We didn't leave the area until late afternoon after eating a most unenjoyable lunch at The Spur, (for some reason Dave had been raving about the great value of this place but I didn't see it!) Finally we arrived in Pretoria late evening at a great backpackers - great outside bar, satellite tv, full kitchen, cheap internet and cool people. Unfortunately Dave and I had to leave the very next day. We were hoping to be able to pick up Daniel's visas and be on our way but as luck would have it South Africa was having a public holiday that day. We really were running out of time as we had to be in Malawi by the 1st of April so we headed for the border of Botswana leaving Daniel to collect them and made a plan to meet at Vic Falls. Originally we were to drive through Zimbabwe but at the time there was no petrol so we would have had to carry our fuel with us which was not appealing. Botswana's petrol ended up being very cheap so we felt it was a good move in the end. Dave and I ended up about an hour short of the border at a litle conservative town called Ellisras. The people at the campsite were a tad on the wierd side we decided. There was a nicely framed certificate on the wall made out to the Entrepreneur of the Year - we were suitably impressed!? The best thing was that we got to study a pack of mongooses (we think), at sunset, and in the early hours of the morning a large group of monkeys.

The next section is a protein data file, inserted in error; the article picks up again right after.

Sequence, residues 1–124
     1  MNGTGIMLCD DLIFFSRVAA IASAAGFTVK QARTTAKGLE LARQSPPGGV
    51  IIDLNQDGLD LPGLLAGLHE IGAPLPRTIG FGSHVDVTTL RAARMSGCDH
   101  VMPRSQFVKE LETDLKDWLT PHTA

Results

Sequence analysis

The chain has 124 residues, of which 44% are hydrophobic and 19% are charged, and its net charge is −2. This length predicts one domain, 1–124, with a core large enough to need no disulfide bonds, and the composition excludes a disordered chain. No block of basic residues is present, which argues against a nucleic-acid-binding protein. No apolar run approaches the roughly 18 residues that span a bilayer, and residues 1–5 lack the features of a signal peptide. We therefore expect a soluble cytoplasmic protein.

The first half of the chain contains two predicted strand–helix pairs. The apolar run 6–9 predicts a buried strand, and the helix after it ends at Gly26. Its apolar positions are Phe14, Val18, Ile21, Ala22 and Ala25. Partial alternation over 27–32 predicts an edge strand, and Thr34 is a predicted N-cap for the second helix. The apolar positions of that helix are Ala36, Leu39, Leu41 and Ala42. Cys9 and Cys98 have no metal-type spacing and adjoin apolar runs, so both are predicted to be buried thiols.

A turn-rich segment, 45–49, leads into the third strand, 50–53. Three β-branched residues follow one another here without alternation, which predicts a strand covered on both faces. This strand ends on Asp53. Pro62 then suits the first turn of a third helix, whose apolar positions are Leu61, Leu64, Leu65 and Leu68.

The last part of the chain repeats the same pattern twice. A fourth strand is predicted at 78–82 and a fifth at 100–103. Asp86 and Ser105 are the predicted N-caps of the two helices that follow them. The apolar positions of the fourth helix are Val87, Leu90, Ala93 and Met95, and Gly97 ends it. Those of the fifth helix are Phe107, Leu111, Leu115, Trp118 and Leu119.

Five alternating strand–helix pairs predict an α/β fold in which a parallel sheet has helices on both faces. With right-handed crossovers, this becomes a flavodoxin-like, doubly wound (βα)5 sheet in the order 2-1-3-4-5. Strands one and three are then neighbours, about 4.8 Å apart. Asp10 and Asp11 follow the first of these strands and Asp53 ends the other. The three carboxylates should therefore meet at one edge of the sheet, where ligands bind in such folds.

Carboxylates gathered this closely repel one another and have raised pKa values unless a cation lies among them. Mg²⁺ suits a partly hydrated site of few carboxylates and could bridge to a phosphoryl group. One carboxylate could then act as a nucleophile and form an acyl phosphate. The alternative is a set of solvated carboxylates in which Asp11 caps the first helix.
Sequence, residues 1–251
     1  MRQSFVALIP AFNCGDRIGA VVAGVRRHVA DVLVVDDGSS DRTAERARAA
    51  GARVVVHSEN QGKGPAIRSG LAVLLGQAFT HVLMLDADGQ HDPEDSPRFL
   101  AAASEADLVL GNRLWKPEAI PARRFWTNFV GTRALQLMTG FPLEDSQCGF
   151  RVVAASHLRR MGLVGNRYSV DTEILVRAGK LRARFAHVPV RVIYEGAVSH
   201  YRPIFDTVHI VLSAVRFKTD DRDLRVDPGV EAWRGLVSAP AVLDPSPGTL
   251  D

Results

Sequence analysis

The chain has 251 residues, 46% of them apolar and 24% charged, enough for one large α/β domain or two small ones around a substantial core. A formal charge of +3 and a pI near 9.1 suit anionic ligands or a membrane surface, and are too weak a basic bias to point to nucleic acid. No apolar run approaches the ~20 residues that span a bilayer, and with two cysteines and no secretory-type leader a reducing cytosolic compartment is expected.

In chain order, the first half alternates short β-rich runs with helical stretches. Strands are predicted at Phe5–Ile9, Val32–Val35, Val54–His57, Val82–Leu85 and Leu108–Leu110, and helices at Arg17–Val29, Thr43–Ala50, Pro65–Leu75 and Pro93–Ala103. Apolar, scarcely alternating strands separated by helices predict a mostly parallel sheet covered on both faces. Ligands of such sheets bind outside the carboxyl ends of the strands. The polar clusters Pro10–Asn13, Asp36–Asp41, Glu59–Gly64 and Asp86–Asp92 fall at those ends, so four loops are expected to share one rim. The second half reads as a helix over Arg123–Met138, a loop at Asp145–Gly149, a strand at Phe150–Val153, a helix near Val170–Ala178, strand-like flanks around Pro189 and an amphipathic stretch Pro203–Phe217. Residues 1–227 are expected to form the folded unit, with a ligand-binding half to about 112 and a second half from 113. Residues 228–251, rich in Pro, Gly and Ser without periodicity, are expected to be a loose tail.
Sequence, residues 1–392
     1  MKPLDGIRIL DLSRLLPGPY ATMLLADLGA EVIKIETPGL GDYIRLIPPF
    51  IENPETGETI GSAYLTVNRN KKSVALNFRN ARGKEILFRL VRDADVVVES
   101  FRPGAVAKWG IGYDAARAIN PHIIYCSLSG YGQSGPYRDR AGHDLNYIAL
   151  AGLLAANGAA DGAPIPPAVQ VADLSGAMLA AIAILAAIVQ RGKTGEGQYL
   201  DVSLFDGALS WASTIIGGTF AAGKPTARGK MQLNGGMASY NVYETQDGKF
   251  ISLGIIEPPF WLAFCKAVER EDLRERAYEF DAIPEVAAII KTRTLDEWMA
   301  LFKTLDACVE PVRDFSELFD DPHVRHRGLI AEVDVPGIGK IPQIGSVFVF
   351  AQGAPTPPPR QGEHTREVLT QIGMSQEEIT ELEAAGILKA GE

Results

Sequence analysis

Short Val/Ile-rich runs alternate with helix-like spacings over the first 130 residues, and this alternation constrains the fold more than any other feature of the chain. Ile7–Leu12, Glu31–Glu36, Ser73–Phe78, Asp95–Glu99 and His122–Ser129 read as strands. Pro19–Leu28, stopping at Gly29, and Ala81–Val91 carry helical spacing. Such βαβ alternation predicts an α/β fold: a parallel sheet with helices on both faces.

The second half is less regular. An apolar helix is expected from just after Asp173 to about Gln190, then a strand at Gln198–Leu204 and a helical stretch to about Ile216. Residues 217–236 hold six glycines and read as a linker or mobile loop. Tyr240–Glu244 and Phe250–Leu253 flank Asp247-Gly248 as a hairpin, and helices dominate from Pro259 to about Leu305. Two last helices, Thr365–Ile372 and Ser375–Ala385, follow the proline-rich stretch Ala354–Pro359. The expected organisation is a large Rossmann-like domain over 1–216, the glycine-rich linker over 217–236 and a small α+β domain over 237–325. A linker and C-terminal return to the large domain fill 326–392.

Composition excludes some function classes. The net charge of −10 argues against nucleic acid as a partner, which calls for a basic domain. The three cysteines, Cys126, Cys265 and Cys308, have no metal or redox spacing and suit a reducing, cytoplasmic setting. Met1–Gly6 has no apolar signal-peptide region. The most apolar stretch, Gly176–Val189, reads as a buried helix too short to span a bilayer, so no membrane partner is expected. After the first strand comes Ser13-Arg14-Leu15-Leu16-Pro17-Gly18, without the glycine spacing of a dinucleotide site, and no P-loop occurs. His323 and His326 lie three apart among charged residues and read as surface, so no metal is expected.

We got started early, planning to make it to the northern Botswanan town called Kasane which is the meeting point of 4 countries: Botswana, Zimbabwe, Zambia and Namibia. The day turned out to be longer than expected............ (to be continued).


The view from Oz

Dave asked if Daniel and I would write a summary of South Africa because we all know that if he wrote it then we would only learn that "Cape Town is the best town in the world"! My answer generally to a comment like this is that it reminds me of a particular place in Australia - a great way to get up any South African's nose!

Well Dave may have a point, Cape Town is a very cool and laid back city. Certainly a good place to chill out on holiday. It has fantastic beaches - and you will find at least one which is sheltered no matter which direction the wind is coming from, (although the water is bloody cold!). It has a mountain right on its doorstep with a greater diversity of organisms than some countries have in their entire land mass. It even has a hard house club which we liked (Studio 47) - that was a pleasant surprise! Most people were very friendly - and that goes for all of South Africa I am happy to report!